Rabbi Elazar Bogomilsky is host of Shmooze Radio and the Rabbi’s Messageon KKNW-AM 1150 and executivedirector of The Friendship Circle and theChai Center of Greater Seattle.
szg t mtzv ot!
What are we doing today to help us reach our goals in the uture?
I would like to correct two errors inLeyna Krow’s otherwise excellent reporton the Iran-Israel conerence I organizedat Town Hall on December 16 (“Iran,rom the let,” Dec. 25). First, there wereover 100 people in attendance, not 40 asKrow reported. Second, she misstated JStreet’s position on Iran sanctions. J Streetsupported the Berman sanctions bill. Butit continues to state that it preers theObama administration’s policy o diplo-matic engagement, while holding sanc-tions in abeyance as a last resort.I should state that I personally oppose J Street on this matter (while I supportmany o its other positions). But I wantedto make clear just what J Street’s positionis regarding sanctions.
As president o the board o Congrega-tion Beth Shalom, I was dismayed to seethe recent heading in the
“Meetthe Synagogue” (Special section, Dec. 25).Given the many choices o synagogues inSeattle, I wondered how the synagogueslisted were chosen. I assume that only syn-agogues with budgets to pay or advertis-ing were selected. In what way does thisrepresent meeting Seattle’s synagogues?It’s a shame that you missed an opportu-nity to introduce your readership to theplethora o exciting, vibrant and diversesynagogue communities in our relativelysmall Seattle Jewish community.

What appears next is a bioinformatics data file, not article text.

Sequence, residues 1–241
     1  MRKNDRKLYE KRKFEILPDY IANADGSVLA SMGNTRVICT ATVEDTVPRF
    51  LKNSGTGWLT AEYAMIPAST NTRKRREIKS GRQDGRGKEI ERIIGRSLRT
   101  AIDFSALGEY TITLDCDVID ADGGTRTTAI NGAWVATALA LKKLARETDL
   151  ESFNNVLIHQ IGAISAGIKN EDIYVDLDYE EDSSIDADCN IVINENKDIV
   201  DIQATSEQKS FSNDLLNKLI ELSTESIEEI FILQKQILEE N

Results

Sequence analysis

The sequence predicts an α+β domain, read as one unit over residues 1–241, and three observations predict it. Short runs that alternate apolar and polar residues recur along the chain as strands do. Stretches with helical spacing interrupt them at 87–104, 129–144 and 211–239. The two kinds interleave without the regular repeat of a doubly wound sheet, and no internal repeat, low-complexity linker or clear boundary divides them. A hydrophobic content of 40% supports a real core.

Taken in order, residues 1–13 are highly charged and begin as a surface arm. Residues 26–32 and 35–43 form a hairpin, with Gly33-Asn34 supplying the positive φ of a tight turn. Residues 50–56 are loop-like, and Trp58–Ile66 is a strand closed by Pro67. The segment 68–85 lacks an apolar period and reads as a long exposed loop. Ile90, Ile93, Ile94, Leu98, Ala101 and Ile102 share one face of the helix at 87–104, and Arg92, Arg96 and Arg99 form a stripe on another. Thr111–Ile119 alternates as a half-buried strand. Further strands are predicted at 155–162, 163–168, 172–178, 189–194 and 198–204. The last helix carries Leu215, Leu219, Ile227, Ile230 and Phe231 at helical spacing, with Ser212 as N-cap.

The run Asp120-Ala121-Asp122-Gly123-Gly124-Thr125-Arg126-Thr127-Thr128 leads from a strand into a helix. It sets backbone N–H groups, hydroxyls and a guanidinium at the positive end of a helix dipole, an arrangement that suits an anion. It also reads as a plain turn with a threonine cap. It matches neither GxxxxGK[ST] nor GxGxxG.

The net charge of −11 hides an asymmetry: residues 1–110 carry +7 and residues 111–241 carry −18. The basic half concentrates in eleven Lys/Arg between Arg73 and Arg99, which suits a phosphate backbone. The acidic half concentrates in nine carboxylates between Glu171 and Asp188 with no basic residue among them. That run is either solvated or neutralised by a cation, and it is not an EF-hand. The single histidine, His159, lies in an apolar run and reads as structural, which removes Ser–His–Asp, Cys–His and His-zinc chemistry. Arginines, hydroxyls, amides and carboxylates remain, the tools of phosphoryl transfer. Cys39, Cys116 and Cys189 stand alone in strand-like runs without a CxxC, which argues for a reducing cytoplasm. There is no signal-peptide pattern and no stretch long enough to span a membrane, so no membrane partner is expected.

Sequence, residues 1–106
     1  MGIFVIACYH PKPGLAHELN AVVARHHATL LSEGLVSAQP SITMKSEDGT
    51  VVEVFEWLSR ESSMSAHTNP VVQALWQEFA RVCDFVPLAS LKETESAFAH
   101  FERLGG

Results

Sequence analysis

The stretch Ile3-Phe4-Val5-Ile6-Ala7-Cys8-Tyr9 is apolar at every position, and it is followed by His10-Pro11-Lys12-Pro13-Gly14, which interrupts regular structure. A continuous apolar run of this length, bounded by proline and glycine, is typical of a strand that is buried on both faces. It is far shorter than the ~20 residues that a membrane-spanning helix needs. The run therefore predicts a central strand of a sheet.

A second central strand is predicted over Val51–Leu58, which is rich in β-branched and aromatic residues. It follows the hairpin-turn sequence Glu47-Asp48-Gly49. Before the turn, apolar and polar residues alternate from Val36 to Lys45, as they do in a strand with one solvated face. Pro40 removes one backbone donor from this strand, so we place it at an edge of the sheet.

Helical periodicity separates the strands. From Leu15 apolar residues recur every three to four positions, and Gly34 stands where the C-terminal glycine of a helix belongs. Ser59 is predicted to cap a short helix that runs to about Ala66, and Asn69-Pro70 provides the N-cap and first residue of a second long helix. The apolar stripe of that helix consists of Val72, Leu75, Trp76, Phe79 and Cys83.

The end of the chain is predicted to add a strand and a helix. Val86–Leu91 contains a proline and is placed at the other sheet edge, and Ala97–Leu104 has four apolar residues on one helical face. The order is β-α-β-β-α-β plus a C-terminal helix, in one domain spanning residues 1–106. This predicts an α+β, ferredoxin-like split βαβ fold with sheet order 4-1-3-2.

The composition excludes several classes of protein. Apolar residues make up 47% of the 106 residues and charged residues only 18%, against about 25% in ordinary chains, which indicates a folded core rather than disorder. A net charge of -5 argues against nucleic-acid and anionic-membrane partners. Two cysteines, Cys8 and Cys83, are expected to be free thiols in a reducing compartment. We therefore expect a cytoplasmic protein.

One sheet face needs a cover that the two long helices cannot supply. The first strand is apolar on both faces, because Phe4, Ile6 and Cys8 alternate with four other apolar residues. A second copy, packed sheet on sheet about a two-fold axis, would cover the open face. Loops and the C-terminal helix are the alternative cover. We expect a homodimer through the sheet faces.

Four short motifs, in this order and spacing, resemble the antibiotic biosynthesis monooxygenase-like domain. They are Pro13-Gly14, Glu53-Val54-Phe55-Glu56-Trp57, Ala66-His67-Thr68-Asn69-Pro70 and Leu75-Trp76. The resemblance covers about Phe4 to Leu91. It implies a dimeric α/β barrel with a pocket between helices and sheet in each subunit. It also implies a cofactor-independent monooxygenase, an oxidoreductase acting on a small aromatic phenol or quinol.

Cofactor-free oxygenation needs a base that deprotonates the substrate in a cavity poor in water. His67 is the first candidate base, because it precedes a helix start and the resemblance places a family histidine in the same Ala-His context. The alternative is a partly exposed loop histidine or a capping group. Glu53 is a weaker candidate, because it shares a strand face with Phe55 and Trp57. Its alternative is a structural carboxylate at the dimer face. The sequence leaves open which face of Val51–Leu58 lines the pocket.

Susan Mnas,Presdent, Cngregatn Beth ShalmSeattle
hq tc Tr
Convicted Federation gunman Naveed Haq was scheduled to be sentenced Tursday, ater
went to press. Tough the proceed-ings were likely a ormality, Haq is expected to receive a mandatory lie sentence. A ull report can be ound online at www.jtnews.net.